Astronomy and Astrophysics, volume 665A, 96-96 (2022/9-1)
Resolving desorption of complex organic molecules in a hot core. Transition from non-thermal to thermal desorption or two-step thermal desorption?
BUSCH L.A., BELLOCHE A., GARROD R.T., MULLER H.S.P. and MENTEN K.M.
Abstract (from CDS):
Context. The presence of many interstellar complex organic molecules (COMs) in the gas phase in the vicinity of protostars has long been associated with their formation on icy dust grain surfaces before the onset of protostellar activity, and their subsequent thermal co-desorption with water, the main constituent of the grains' ice mantles, as the protostar heats its environment to ∼100 K.
Aims. Using the high angular resolution provided by the Atacama Large Millimetre/submillimetre Array (ALMA), we want to resolve the COM emission in the hot molecular core Sagittarius B2 (N1) and thereby shed light on the desorption process of COMs in hot cores.
Methods. We used data taken as part of the 3 mm spectral line survey Re-exploring Molecular Complexity with ALMA (ReMoCA) to investigate the morphology of COM emission in Sagittarius B2 (N1). We also used ALMA continuum data at 1 mm taken from the literature. Spectra of ten COMs (including one isotopologue) were modelled under the assumption of local thermodynamic equilibrium (LTE) and population diagrams were derived for these COMs for positions at various distances to the south and west from the continuum peak. Based on this analysis, we produced resolved COM rotation temperature and column density profiles. H2 column density profiles were derived from dust continuum emission and C18O 1-0 emission and used to derive COM abundance profiles as a function of distance and temperature. These profiles are compared to astrochemical models.
Results. Based on the morphology, a rough separation into O- and N-bearing COMs can be done. The temperature profiles span a range of 80-300 K with power-law indices from -0.4 to -0.8, which is in agreement with expectations of protostellar heating of an envelope with optically thick dust. Column density and abundance profiles reflect a similar trend as seen in the morphology. While abundances of N-bearing COMs peak only at the highest temperatures, those of most O-bearing COMs peak at lower temperatures and remain constant or decrease towards higher temperatures. Many abundance profiles show a steep increase at ∼100 K. To a great extent, the observed results agree with results of astrochemical models that, besides the co-desorption with water, predict that O-bearing COMs are mainly formed on dust-grain surfaces at low temperatures, while at least some N-bearing COMs and CH3CHO are substantially formed in the gas phase at higher temperatures.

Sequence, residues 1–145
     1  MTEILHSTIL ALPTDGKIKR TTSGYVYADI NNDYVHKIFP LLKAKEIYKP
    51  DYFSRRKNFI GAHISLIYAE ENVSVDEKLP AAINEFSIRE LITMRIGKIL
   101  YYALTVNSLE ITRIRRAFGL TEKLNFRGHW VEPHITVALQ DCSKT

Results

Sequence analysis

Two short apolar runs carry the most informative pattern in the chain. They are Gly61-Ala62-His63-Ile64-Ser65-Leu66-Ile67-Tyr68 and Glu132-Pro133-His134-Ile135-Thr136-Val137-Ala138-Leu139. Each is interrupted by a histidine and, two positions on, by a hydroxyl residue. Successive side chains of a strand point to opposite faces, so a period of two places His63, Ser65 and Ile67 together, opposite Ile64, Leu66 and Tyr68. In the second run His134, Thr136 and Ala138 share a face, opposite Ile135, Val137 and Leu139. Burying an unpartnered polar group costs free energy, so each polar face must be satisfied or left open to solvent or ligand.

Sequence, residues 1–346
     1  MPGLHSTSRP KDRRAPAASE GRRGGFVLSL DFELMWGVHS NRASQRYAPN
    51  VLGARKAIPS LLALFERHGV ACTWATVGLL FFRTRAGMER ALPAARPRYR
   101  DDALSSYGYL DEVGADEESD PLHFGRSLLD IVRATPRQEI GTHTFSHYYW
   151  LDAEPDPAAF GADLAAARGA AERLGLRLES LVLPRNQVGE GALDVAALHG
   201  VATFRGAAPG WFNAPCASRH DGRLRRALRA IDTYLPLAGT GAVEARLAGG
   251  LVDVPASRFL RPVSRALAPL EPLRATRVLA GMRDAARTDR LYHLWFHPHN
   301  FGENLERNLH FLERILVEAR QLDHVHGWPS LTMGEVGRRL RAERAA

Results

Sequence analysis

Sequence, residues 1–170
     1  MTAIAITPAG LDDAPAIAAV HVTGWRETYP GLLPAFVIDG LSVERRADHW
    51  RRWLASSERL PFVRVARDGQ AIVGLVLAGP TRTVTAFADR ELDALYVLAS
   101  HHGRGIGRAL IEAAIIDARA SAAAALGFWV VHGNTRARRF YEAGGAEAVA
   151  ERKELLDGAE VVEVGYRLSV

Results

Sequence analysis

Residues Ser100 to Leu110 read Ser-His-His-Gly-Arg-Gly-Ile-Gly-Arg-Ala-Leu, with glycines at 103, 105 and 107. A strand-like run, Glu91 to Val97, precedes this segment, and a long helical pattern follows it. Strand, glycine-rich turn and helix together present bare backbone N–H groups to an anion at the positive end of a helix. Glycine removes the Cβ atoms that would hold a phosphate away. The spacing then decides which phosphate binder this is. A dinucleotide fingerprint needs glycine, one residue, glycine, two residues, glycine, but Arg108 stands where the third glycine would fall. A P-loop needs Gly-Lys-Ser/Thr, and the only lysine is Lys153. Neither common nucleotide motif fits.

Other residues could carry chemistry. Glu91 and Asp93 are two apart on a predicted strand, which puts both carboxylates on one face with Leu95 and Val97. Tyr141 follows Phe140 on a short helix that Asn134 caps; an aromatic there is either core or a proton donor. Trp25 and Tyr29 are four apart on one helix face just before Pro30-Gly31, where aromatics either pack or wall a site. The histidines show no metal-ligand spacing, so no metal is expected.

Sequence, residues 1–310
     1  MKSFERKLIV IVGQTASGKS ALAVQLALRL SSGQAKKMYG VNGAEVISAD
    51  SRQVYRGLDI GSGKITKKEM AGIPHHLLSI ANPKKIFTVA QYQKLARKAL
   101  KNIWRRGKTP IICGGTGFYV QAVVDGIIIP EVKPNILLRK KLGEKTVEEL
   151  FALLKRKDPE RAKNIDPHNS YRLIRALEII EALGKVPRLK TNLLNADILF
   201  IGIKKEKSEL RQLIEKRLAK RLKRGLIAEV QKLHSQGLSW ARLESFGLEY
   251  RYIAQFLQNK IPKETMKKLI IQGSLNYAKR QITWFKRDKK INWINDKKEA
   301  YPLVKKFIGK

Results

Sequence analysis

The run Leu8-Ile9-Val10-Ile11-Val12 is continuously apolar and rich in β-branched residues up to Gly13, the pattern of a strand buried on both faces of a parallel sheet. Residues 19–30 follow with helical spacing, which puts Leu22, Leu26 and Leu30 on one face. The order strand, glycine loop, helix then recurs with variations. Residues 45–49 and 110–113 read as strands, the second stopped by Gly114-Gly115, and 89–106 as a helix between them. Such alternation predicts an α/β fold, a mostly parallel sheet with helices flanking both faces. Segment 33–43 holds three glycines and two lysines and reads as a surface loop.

Conclusions. Our observational results, in comparison with model predictions, suggest that COMs that are exclusively or, to a great extent, formed on dust grains desorb thermally at ∼100 K from the grain surface, likely alongside water. A dependence on the COM binding energy is not evident from our observations. Non-zero abundance values below ∼100 K suggest that another desorption process of COMs is at work at these low temperatures: either non-thermal desorption or partial thermal desorption related to the lower binding energies experienced by COMs in the outer, water-poor ice layers. In either case, this is the first time that the transition between two regimes of COM desorption has been resolved in a hot core.
© L. A. Busch et al. 2022
astrochemistry - methods: observational - stars: formation - ISM: molecules - submillimeter: ISM - ISM: clouds
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